We all imagine that our gardens will be beautiful, thriving oases of green, springing right out of the ground, but it’s not always possible without a great deal of hard work and manipulation of native soils that may be full of clay, rocks or sand. Enter the raised bed garden! Whether you need to raise your beds just above the ground and start with fresh soil, or bring your garden up to a height where bending is no longer necessary, raised beds may be the perfect solution to your gardening problems.

Benefits to Raised Bed Gardening

Raised beds are great in areas where the soil is difficult to work, or when you want to add an elevated feature to your landscape – kits are available to build complicated garden shapes that can be useful to segregate herbs in gardens or aggressive plants that may escape a traditional garden and run wild. When you build a raised bed, you have a unique opportunity to tailor the soil conditions to the plants you intend to grow, rather than having to force those conditions onto soil that may be resistant.

Many gardeners prefer to use raised beds for vegetables and small fruits, since they can be caged with strong wire to protect seedlings and young transplants from wild animals. Sometimes, gardeners build custom-fit plastic hoop houses for their raised beds – when properly designed, these additions allow gardeners to get a jump on planting, since they act like tiny greenhouses.

Decorative raised garden bed

Raised garden beds can take fanciful shapes.

 

Raised Bed Gardening Challenges

Unfortunately, raised gardens don’t function exactly the same as plowed garden plots, and may sometimes require a great deal of manual care, especially when the time comes to clean up dead plants after harvest. Instead of plowing plants back into the soil, it’s often less disruptive to pull them out of the bed, leading to significant time investments. Of course, if you only have a few beds, or your raised bed plants are perennials, this isn’t a concern.

The size of a raised bed is limited by your ability to reach across it, and, in the case of a raised garden on legs, the weight of wet soil. This is why raised beds are rarely more than four feet across – most people can reach two feet into the bed from either side. You must be careful to prevent soil compaction caused by walking or leaning on the soil in the bed, or plant roots may have trouble penetrating. In addition, a bed that’s only four feet wide shouldn’t be expected to accommodate anything bigger than a four or five foot wide bush, limiting your planting options.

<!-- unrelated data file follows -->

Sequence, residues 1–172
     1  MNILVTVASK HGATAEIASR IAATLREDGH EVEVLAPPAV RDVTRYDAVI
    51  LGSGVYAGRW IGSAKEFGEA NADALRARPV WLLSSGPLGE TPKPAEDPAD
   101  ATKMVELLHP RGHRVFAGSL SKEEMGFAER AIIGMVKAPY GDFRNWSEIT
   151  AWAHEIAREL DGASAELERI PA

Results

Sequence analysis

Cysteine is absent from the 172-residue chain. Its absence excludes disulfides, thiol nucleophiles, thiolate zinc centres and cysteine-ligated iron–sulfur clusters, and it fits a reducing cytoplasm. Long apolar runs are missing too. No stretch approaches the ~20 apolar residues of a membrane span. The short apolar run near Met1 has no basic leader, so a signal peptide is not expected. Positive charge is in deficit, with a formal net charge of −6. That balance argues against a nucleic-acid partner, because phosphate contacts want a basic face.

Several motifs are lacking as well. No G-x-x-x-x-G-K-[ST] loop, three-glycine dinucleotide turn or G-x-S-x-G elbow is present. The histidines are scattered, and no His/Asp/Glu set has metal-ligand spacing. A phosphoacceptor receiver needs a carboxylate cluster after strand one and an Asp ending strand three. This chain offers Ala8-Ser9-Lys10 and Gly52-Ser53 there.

Setting Up Your Raised Beds

Planning and setting up your raised beds is a precision task, though one easy enough for a homeowner with a few simple tools. The most important part of planning is choosing your bed’s location – after all, they’re not exactly easy to move once constructed and filled with soil. For example, you would place a raised bed intended for vegetables in a location that gets at least eight hours of bright sunlight each day, instead of in a spot that suddenly becomes shady when the trees leaf out.

Many people start their first raised beds with commercial kits containing cedar or composite boards and specially designed joints that ensure their garden comes out perfect. You can prolong the life of your garden by placing the frame on top of a geotextile fabric that will prevent perennial weeds from working their way up through the soil. Never use black plastic, as this material can cause drainage problems under raised bed gardens.

Once in place, you need only fill your bed with lots of rich, well-draining soil and pop your plants into their new homes. You can even build trellises over the beds to allow vining plants to climb unhindered, or train them into a central arch that runs between two beds. Raised gardens allow nearly endless possibilities for a gardener with a creative streak.